Lack of Swimming Ability

    A surprising number of adults and children lack swimming ability or don’t know how to swim at all. People who receive swimming lessons are statistically less likely to drown or suffer a swimming related injury.

    You may be able to find a free Pool Safety Class.  The YMCA in Las Vegas offer a free “Safety Around Water” class that is FREE to participants. It is open to anyone in the community who wants their children to learn how to be safe in and around water.     

    Overcrowding

    If a pool is overcrowded, a parent or caregiver will have a harder time supervising their loved ones. Even a trained lifeguard will have a much harder time performing their duties because it would be harder to spot someone in danger among so many swimmers. 

    Safety Tips to Prevent Swimming Pool Accidents

    The good news is you don’t have to be a statistic. There are safety precautions you can take to prevent swimming pool injuries and fatalities. Government websites like the CDC and PoolSafely.gov are great resources for pool safety. 

    Alarms

    Install safety alarms around pool gates, doors, or windows to warn you if your child is near or headed towards the pool. 

    CPR

    Learn CPR and stay up to date with CPR training to be prepared for emergencies.

    Keep Clean

    Keep the area around the pool clean of any spills or messes to avoid accidental slips and falls. If there is a spill, make sure to clean it up right away.

    Fencing

    Completely fence in your pool on all four sides to separate the pool from the yard, and use self-latching self-closing latches that open outward towards gates. Make sure the fence or gate is at least 4 feet tall. 

    Pool Covers

    Add safety pool and spa covers with locks to prevent accidents when the pool or hot tub is not in use.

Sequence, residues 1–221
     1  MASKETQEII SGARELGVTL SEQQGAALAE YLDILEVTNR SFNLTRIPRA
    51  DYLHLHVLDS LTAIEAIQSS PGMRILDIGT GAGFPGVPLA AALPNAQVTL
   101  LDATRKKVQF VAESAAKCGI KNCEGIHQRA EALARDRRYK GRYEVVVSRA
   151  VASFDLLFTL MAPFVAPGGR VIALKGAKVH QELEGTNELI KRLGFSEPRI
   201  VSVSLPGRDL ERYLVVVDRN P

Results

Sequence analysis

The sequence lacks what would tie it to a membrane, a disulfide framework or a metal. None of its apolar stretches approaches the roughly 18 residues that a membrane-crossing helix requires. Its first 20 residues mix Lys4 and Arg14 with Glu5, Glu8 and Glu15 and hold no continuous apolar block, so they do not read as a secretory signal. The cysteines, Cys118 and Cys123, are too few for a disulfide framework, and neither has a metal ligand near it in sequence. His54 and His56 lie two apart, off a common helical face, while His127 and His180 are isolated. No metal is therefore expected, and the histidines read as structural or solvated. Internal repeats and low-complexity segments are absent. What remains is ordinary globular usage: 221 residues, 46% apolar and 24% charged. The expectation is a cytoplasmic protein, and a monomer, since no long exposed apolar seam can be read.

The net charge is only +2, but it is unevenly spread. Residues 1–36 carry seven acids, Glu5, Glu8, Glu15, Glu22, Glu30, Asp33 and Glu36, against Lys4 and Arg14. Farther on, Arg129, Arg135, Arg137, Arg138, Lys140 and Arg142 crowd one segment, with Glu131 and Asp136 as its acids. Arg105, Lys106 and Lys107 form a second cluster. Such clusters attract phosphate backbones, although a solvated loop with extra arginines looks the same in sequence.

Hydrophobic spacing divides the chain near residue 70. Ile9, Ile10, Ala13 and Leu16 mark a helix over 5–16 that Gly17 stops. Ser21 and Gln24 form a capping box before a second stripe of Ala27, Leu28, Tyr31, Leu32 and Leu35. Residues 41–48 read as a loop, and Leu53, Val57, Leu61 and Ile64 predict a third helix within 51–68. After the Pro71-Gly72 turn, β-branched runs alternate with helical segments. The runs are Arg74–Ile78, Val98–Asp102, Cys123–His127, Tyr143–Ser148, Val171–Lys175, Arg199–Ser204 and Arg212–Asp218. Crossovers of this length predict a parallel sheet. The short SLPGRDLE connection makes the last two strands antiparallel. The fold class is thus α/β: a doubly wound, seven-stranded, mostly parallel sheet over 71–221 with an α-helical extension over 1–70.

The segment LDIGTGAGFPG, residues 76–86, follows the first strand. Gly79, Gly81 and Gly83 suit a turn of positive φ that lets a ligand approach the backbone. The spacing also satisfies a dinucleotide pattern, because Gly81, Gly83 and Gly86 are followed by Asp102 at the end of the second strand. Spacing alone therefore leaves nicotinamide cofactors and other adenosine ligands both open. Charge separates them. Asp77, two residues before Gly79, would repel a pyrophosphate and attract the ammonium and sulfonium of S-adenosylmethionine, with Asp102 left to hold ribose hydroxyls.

Pool Safety Tool-Kit

    The US Consumer Product Safety Commission  recommends having a pool safety tool-kit nearby, which includes a first aid kit, scissors to cut hair or clothing, a charged portable phone to call 911, and a life-saving flotation device. 

    Regular Pool Maintenance

    Make sure to keep all your pool equipment in working order and have a professional pool inspector inspect your pool every year for physical condition, safety equipment, and water quality. 

    Remove Pool Toys

    Remove all pool toys and floats when not in use to prevent children from temptation and playing with them when adults are not present to supervise. 

    Safety Drain Covers

    Add safety drain covers to prevent children from getting trapped or stuck in pool pipes, drains and other openings.

    Supervision

    Do not swim alone. Always closely supervise children when they are in or near the pool, even if they are a strong swimmer or playing in shallow water like a hot tub. When supervising children, make sure to avoid distractions like talking on the phone, reading a book or working on a laptop, as accidents can happen very suddenly. Never supervise children when under the influence of alcohol or drugs. 

    Swimming Lessons

    Learn the basics of swimming like floating and moving through the water. Get swimming lessons for anyone in your family who does not know how to swim. If you have children, start them early with professional lessons or learning the basics of swimming. 

    Experienced Las Vegas, NV Personal Injury Lawyers

    If you or a family member has been injured in a swimming pool accident or any other personal injury accident, you should speak with an experienced personal injury attorney who can help you protect your rights and make sure you receive the compensation you deserve.